Germany
    German industry at its cyclical peakoverlay
    February 12, 2018
    Talking Point
    German manufacturing industry ought to be at the peak in the current cycle. Domestic production in 2017 edged up by 3% in price-adjusted terms, which marks the strongest increase since 2011. At the same time, producer prices (+2.3%) also recorded the sharpest increase since 2011. Although industrial order intake continues to be very dynamic, several factors, including the strong euro and the recent slight dip in business expectations, suggest that growth momentum is likely to slow in the course of 2018. Against this backdrop, German industrial production looks set to rise by 2.5% in 2018. In the face of high wage settlements and plans to lower the limit on fixed-term contracts, German companies are likely to create fewer new jobs.
    Groko coalition treaty: More spending than strategyoverlay
    February 8, 2018
    Germany Monitor
    The four-month deadlock following the inconclusive German federal elections was brought closer to its end with the coalition agreement between the CDU/CSU and the SPD. The last hurdle to Merkel's re-election is now the SPD membership ballot which is expected to give its approval, though at a thin margin. The agreement foresees significant investment in infrastructure and education but caters too much to permanent spending on social and pension policy given the largely cyclical nature of the budgetary leeway. Europe is supposed to take centre stage in the would-be coalition's policy – a signal which matters for Martin Schulz but less so for the member ballot and the German voter. The coalition commits itself to the transformation of the ESM and more spending on Europe but the red lines will only emerge when the details will be tabled. Surprisingly, the SPD will hold most of the major portfolios in the cabinet. With the foreign and the finance ministry the SPD got hold on the key portfolios for shaping the European policy course, although the key decisions will still be left to the chancellor.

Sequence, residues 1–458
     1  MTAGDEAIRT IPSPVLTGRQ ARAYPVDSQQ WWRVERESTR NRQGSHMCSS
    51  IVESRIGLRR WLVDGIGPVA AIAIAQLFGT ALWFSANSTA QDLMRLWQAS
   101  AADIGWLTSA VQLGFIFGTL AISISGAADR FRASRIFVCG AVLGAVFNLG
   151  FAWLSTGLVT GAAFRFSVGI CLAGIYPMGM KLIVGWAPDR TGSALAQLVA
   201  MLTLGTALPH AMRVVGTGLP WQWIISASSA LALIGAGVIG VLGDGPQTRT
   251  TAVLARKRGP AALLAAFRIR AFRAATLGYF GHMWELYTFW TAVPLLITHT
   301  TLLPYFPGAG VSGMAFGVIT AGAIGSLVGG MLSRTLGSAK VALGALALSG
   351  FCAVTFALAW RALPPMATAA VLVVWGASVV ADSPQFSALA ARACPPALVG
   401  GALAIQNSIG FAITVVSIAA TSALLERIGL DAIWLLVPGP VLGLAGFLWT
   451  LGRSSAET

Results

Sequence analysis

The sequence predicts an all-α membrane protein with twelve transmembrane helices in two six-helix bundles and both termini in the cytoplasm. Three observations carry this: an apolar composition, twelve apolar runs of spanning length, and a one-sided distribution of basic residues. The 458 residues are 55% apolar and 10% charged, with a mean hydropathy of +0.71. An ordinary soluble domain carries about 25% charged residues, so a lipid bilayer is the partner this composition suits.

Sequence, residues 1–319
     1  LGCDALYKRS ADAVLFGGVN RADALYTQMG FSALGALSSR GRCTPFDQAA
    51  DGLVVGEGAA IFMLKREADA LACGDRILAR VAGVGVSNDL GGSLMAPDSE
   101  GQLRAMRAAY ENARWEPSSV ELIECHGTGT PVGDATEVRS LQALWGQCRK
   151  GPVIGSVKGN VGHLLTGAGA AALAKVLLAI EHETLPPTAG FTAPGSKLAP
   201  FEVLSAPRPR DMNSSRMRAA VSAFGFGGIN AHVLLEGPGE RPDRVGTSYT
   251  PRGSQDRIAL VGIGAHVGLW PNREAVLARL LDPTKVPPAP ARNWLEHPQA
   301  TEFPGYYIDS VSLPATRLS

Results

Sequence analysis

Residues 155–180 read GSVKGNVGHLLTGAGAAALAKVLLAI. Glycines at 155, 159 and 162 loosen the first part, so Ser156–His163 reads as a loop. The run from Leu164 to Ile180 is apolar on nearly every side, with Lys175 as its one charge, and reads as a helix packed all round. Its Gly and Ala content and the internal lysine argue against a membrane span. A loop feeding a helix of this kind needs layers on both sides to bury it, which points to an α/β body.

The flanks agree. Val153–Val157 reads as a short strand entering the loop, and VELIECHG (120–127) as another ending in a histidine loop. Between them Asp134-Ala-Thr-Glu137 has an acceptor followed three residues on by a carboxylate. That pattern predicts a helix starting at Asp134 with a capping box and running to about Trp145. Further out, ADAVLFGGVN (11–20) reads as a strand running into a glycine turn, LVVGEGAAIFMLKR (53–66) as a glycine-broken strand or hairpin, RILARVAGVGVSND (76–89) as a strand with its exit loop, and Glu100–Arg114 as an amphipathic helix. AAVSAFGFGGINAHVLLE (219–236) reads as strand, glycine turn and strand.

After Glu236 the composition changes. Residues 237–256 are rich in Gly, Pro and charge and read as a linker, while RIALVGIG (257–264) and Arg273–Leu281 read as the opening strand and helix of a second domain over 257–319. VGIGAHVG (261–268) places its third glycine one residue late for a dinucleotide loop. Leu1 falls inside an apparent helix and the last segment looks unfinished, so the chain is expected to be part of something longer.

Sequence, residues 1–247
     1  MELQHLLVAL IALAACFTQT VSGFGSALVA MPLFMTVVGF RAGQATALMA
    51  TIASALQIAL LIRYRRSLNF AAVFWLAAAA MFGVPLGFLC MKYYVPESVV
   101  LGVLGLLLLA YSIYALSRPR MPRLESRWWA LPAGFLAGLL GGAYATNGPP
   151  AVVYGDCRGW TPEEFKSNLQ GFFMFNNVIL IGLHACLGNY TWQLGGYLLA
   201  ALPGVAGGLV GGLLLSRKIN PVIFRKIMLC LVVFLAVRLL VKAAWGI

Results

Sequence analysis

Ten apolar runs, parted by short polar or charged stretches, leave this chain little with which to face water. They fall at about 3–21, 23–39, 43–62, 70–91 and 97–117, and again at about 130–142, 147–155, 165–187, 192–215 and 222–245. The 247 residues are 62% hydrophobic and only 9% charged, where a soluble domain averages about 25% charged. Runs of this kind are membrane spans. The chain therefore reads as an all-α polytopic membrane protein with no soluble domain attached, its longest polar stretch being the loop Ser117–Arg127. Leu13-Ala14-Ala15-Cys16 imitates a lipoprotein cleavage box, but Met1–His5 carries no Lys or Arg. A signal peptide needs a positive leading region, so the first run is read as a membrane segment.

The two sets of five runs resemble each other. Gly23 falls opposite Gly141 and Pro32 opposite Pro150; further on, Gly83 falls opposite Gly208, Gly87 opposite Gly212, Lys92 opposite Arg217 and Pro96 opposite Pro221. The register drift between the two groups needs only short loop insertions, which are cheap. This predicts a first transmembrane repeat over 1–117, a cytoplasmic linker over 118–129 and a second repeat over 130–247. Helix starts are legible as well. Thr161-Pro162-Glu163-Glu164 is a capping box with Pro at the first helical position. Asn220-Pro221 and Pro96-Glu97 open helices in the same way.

German economy: It is party timeoverlay
    February 6, 2018
    Focus Germany
    The economy continues to steam ahead, with quarterly GDP growth of 0.5% qoq in the winter half. A tight labour market and swelling order books are boosting the union's bargaining power so they are pushing hard for higher wages, although increases might fall short of expectations among workers and the ECB tower. Meanwhile in Berlin, Groko hopefuls are spending Germany's fiscal surpluses, seemingly unconcerned with demographic challenges and the fact that record low interest rates and above potential growth will not last. This party will likely go on for some time - maybe even a few years. However, the situation feels increasingly reminiscent of carnival revellers' popular song "Am Aschermittwoch ist alles vorbei" (It's all over on Ash Wednesday).
    Thematic
    FX Special Report: Yes, it all makes senseoverlay
    January 25, 2018
    Further research articles
    The lead market commentator of the Financial Times this morning writes that the dollar sell-off has “stopped making sense”. Indeed, viewed with the post-crisis lens of activist central banks and exceptionally tight correlations between FX and rates the dollar is entirely out of line with fundamentals. But currency moves over the medium-term ultimately boil down to one thing: flows. If inflows into an economy pick up the currency strengthens and vice versa. Looked at from a flow perspective, the dollar bear market makes complete sense: our outlook for FX 2018 argued that the flow picture is exceptionally supportive for EUR/USD and this positive dynamic is currently playing out.
    Beacon of stability: The foundations of Germany’s successoverlay
    December 15, 2016
    dbStandpunkt (Engl.)
    Germany remains an anchor of steadiness with an undisputed role as leader in Europe and is the only country that comes close to being on a par with America. This story of success is based on many structural factors, some of which complement and mutually reinforce each other. We group them as follows: (1) Macropolicies focused on stability and growth (2) Institutions grounded in German ‘ordoliberalism’ (3) Global companies with unique structures (4) An equitable system of social security and cooperative social partners (5) A long-term perspective by companies and citizens with the willingness to forgo immediate reward – in our view the most important factor in the success. The combination of innovative, multinational companies, functioning institutions and highly skilled workers will, in our view, maintain Germany’s competitiveness and prosperity into the future. German politicians are therefore confronted with the increasing challenge of holding the eurozone together. However, if anti-euro movements gain the upper hand in key partner countries, thereby increasing the disruptive risks, there may be a reassessment in Germany of the euro’s costs and benefits.